Sister Citizen, Brother Patriot: What It Means to be Black and American.

MHP (for those of you not cool enough to know, that would be Melissa Harris-Perry) has book out called Sister Citizen. In it she speaks about what is means to be black, a woman, and a citizen in the United States. She gives voice to a concern that black folk have had since Crispus Attucks was gunned down on a Boston Street 250 years ago. Being first slaves, then Jim-Crowed, the place of African-Americans in the nation has been either non-citizenship or some sort of fuzzy negative zone where “Yeah, you are a citizen but not a ‘real’ citizen. I mean … You can serve your country and drive tanks into other people’s countries day or night, but you can’t drive a nice car in the wrong neighborhood at the wrong time of day inside the U.S. You can be the ultimate symbol of maternal love if you are providing that love in someone else’s home for someone else’s children, but if you are poor and choose stay in your own home to raise your own children, then you are welfare queen. You can vote, but you have to have your very specific freedom papers in order to be President.”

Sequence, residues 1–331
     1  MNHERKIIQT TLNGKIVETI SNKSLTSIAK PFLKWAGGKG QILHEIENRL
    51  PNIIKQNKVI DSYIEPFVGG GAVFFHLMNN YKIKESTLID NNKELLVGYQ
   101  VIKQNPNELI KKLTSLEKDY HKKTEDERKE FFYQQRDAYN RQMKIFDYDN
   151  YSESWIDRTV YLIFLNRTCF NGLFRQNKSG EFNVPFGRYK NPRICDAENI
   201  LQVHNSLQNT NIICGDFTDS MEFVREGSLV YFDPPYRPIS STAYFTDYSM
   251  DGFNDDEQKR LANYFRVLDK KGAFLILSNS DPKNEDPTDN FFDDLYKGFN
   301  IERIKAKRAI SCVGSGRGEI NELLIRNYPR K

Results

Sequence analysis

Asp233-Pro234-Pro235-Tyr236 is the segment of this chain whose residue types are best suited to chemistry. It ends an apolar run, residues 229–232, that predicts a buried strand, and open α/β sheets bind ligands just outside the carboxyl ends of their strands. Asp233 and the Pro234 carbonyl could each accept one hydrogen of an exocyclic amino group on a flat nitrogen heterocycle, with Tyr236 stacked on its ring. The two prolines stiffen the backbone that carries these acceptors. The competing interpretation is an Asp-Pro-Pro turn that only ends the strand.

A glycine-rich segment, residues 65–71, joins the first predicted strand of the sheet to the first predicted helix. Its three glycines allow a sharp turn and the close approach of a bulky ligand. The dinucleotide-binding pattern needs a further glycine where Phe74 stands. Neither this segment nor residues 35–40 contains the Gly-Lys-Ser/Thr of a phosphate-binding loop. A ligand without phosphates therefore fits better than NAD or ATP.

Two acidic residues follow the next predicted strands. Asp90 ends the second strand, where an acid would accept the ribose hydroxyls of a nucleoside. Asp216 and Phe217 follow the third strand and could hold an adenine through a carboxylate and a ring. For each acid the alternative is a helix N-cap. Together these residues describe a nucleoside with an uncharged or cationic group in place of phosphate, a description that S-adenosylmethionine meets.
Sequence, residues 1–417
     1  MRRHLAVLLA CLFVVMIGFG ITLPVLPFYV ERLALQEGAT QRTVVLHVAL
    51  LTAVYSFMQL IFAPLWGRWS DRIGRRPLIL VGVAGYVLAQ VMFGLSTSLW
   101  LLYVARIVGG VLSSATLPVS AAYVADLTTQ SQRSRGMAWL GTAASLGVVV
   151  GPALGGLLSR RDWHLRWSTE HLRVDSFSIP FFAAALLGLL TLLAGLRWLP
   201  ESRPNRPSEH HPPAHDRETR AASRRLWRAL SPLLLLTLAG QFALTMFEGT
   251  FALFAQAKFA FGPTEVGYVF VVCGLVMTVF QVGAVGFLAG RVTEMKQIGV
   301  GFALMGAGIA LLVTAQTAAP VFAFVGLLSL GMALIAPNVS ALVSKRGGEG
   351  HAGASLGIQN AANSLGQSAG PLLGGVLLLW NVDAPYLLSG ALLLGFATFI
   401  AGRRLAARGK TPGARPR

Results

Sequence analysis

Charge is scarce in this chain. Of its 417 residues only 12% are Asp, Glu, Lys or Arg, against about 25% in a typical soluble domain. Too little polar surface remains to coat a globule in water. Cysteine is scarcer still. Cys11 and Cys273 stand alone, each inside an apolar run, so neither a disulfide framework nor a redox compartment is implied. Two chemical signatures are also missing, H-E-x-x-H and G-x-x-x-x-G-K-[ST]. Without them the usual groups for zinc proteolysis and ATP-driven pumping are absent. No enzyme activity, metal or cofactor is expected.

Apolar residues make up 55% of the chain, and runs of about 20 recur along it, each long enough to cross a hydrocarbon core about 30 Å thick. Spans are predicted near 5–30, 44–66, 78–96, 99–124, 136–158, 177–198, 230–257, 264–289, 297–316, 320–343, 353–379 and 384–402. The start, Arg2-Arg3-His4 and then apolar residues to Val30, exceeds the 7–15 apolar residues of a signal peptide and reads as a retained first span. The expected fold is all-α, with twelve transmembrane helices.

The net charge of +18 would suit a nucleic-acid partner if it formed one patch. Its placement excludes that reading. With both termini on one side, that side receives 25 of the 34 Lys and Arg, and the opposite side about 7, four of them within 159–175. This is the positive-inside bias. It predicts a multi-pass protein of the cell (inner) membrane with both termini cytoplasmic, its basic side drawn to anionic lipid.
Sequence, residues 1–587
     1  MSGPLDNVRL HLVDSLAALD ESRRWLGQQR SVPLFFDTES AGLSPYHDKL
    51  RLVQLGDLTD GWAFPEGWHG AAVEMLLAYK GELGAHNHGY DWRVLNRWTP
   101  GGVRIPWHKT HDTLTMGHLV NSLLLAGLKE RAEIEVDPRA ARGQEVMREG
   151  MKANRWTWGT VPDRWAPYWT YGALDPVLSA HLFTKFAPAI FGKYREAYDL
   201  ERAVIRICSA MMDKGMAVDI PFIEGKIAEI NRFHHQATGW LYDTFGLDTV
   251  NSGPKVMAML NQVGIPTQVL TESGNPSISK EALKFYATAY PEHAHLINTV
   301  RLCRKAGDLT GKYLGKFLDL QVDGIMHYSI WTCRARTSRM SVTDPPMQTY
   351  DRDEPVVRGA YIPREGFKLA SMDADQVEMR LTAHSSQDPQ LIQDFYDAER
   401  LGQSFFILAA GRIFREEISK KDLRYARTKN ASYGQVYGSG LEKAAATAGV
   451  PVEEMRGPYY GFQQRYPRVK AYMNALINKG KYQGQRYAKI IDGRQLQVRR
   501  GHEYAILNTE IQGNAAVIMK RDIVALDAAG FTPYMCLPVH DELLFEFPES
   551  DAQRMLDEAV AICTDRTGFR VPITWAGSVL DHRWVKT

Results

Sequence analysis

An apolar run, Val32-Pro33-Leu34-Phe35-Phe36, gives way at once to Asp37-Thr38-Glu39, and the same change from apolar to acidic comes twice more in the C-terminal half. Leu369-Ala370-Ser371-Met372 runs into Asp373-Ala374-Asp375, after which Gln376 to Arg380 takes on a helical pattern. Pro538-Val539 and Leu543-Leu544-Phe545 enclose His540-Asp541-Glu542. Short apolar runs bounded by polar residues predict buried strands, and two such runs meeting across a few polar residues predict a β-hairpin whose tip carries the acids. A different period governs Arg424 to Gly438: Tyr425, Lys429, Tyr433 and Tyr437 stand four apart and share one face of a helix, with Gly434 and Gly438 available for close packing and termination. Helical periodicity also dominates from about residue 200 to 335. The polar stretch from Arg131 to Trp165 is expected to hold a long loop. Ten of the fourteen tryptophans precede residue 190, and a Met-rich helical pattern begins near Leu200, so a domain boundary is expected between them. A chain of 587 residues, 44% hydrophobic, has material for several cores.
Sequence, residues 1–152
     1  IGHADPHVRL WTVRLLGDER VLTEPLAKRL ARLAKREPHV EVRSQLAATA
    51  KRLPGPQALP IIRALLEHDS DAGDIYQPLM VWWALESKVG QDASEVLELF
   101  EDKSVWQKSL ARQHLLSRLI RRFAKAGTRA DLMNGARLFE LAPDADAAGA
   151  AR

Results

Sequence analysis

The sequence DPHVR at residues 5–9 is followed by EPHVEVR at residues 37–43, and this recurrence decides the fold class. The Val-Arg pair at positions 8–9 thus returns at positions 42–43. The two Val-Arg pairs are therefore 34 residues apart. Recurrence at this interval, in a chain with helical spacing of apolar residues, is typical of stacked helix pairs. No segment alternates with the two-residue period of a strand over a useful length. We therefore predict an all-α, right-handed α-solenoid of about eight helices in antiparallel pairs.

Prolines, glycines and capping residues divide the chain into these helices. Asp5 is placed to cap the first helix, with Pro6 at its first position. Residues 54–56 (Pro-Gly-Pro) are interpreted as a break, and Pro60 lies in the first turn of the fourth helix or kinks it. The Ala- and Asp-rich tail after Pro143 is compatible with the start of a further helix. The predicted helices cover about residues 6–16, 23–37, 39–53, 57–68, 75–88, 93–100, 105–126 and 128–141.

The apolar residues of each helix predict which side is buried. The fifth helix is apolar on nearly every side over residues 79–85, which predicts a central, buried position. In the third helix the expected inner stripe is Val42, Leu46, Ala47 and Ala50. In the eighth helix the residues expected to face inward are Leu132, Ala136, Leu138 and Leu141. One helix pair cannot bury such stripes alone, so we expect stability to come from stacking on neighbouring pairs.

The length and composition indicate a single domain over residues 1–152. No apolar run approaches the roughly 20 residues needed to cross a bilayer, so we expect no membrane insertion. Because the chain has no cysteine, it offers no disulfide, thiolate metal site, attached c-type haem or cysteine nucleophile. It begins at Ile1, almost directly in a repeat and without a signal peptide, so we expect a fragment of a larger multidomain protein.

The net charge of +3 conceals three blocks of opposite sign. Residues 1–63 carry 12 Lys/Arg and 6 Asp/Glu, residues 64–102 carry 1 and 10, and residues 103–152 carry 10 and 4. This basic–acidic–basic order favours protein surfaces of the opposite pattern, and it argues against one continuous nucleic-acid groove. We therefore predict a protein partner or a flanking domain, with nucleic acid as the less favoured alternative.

Before the election of Barack Obama, when asked to draw an American, people outside the U.S. would almost without fail, draw a man in a cowboy hat, and I seriously doubt that man in the cowboy hat was Woody Strode.

Inside the US, when asked to list great Americans, people of all colors would list Lincoln, Washington, Jefferson, Eisenhower, Roosevelt (Presidents in general), maybe Edison or Bell (depending on what they were studying in school at the time), John Wayne during his life was quite popular on such lists, perhaps whoever just made Time Magazine’s Person of the Year. In more recent years, Martin Luther King has started to appear on these lists and I would suppose Obama, being the current president, would make the list.

Probably not on the list, Harriet Tubman, Ira Hayes, George Washington Carver, Duke Ellington, George and Ira Gershwin, Alice Paul, A. Phillip Randolph, Chief Joseph, etc.